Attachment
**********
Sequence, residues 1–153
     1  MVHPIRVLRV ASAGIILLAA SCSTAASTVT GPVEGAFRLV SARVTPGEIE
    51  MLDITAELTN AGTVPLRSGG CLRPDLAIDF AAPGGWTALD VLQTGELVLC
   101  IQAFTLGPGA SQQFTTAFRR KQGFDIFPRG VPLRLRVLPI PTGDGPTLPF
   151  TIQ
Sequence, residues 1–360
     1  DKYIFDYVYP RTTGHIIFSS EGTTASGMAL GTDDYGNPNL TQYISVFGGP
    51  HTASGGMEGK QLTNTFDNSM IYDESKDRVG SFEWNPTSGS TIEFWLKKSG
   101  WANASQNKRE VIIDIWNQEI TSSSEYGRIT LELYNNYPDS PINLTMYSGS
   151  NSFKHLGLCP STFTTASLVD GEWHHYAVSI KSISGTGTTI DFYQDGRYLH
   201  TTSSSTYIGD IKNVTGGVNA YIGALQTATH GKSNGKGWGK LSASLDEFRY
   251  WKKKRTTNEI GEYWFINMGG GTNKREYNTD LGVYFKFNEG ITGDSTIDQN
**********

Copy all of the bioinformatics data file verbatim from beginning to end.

Sequence, residues 1–153
     1  MVHPIRVLRV ASAGIILLAA SCSTAASTVT GPVEGAFRLV SARVTPGEIE
    51  MLDITAELTN AGTVPLRSGG CLRPDLAIDF AAPGGWTALD VLQTGELVLC
   101  IQAFTLGPGA SQQFTTAFRR KQGFDIFPRG VPLRLRVLPI PTGDGPTLPF
   151  TIQ
Sequence, residues 1–360
     1  DKYIFDYVYP RTTGHIIFSS EGTTASGMAL GTDDYGNPNL TQYISVFGGP
    51  HTASGGMEGK QLTNTFDNSM IYDESKDRVG SFEWNPTSGS TIEFWLKKSG
   101  WANASQNKRE VIIDIWNQEI TSSSEYGRIT LELYNNYPDS PINLTMYSGS
   151  NSFKHLGLCP STFTTASLVD GEWHHYAVSI KSISGTGTTI DFYQDGRYLH
   201  TTSSSTYIGD IKNVTGGVNA YIGALQTATH GKSNGKGWGK LSASLDEFRY
   251  WKKKRTTNEI GEYWFINMGG GTNKREYNTD LGVYFKFNEG ITGDSTIDQN